This randomized clinical trial demonstrated that preoperative administration of low-molecular-weight-heparin (LMWH) is safe and feasible for lung cancer patients preparing to receive minimally invasive surgery.

Key Takeaway

  • Preoperative administration of LMWH resulted in no significant effects on coagulationrelated events compared with postoperative start of LMWH for minimally invasive lung , cancer surgery patients.
  • This method was found to be safe and feasible with minimal invasive surgery.
  • There were no venous thromboembolisms (VTEs) or blood transfusion or other major complications between preoperative LMWH-administration group (PRL) and the postoperative LMWH-administration group (POL) with no significant differences between two groups.
  • The operation duration was significantly longer in the PRL vs POL group.

Why This Matters

  • There is a strong relationship between lung cancer and VTE, indicated by significant evidence showing that VTE incidence in lung cancer patients increased 22 times more than non-cancer patients, while the risk in lung cancer patients was still sevenfold higher than that in other malignancies.
  • American Society of Clinical Oncology Clinical Practice Guideline recommends thromboprophylaxis before surgery and continuing for at least 7–10 days for cancer patients undergoing major surgery.
  • There are no clear guidelines, no academic organization’s definite instructions, and no dependable clinical experiments for conducting preoperative anticoagulation.
  • This study was innovatively designed to testify whether preoperative administration of LMWH in lung cancer patients was safe and feasible.

Study Design

  • This trial was a prospective study in West China Hospital from July 2017 to June 2018 (ChiCTR2000040547) where patients prepared to undergo lung cancer surgery were randomly divided into PRL and POL groups with 4000 IU per day dosage. All patients received thromboprophylaxis until discharge.
  • Inclusion criteria: Patients aged 18–75 years without any preoperative VTEs (both VTE history and current screening); intended for video-assisted thoracoscopic major thoracic surgery (including lobectomy and sub lobar resection); diagnosed pathologically with primary lung cancer
  • Exclusion criteria: Coagulation disorders (preoperative international normalized ratio [INR] >1.5, or blood platelet count <50 × 109/L); receiving any therapeutic anticoagulation preoperatively; undergoing preoperative planned or intraoperative converted open thoracic surgery; severe renal or liver dysfunction; suffered intraoperative bleeding (>500 ml owing to vessels rupture); rejected to continue the study at any point of the study; on menstruation perioperatively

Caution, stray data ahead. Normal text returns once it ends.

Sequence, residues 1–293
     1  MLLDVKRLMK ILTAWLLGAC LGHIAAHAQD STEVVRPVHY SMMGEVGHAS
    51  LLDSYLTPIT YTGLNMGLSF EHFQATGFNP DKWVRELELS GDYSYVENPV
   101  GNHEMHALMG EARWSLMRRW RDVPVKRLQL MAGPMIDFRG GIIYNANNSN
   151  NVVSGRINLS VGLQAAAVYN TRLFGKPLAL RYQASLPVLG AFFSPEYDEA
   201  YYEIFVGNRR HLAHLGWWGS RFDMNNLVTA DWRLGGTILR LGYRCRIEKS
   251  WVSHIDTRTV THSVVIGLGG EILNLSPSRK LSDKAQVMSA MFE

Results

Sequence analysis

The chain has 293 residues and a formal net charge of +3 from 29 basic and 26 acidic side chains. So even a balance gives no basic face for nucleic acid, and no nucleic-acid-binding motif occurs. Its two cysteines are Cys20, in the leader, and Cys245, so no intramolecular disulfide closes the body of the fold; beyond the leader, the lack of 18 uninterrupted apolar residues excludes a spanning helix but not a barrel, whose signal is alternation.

• Endpoints: Postoperative coagulation function parameters; postoperative drainage data; hematologic data; intraoperative bleeding volume; reoperation rates; surgical time

Key Results

  • A total of 246 patients were recruited from July 2017 to June 2018 in this study; patients were randomly allocated (N = 230) to PRL (n = 108) and POL (n = 122) groups.
    • Finally, 212 participants were included in the analysis (PRL group: n = 101; mean age, 55.88 ± 10.11 years; POL group: n = 111; mean age, 58.17 ± 9.99 years).
    • 146/212 cases were analyzed on postoperative day 3 for coagulation profile (POL [n = 85] and PRL [n = 61]).
  • No significant differences were found in coagulation parameters between the POL and PRL groups on first postoperative day: Prothrombin time (PT) (P = 0.158); activated partial thromboplastin time (APTT) (P = 0.339); thrombin time (TT) (P = 0.402); fibrinogen (FIB) (P = 0.806); INR (P = 0.190)
  • Drainage data were comparable between the groups: Drainage duration (P = 0.165); mean drainage volume (P = 0.795); total drainage volume (P = 0.445)
  • No difference was noted on postoperative day 1 between the two groups regarding intraoperative bleeding volumes (P = 0.195), postoperative hemoglobin value (P = 0.735), and platelet count (P = 0.472).
  • The reoperation rate was comparable between the two groups (P = 0.606).
  • Surgical time/operation duration in the PRL group was significantly longer than that in the POL group (117.15 ± 41.63 vs 104.13 ± 29.07 minutes, P = 0.008).
  • Coagulation function parameters on postoperative day 3 were not significantly different between POL vs PRL groups: PT (P = 0.173); APPT (P = 0.712); TT (P = 0.951); FIB (P = 0.633); INR (P = 0.492); PLT (P = 0.141); HGB (P = 0.247)

Key Limitations

  • Sample size was relatively small, thus minimizing evidence grade of results.
  • Postoperative blood examination was conducted in the morning (around 7 o’clock) but not at a specific point after LMWH administration.
  • Lack of VTE occurrence in both groups was less convincing for preoperative start of LMWH providing sufficient thromboprophylaxis.
  • Participants included were assessed at the early stage of lung cancer.
  • Result could not be expanded to cover other races as only Chinese patients were included.

    A-Lai GH, Zhuo ZG, Li G, Song TN, Xu ZJ, Shen X, et al. Safety profile of preoperative administration of low-molecular-weight heparin on minimally invasive lung cancer surgery: a randomized controlled trial. BMC Surg. 2021;21(1):250. doi: 10.1186/ s12893–021–01244–w. PMID:34011342.

MAT-BH-2100984/v1/Dec 2021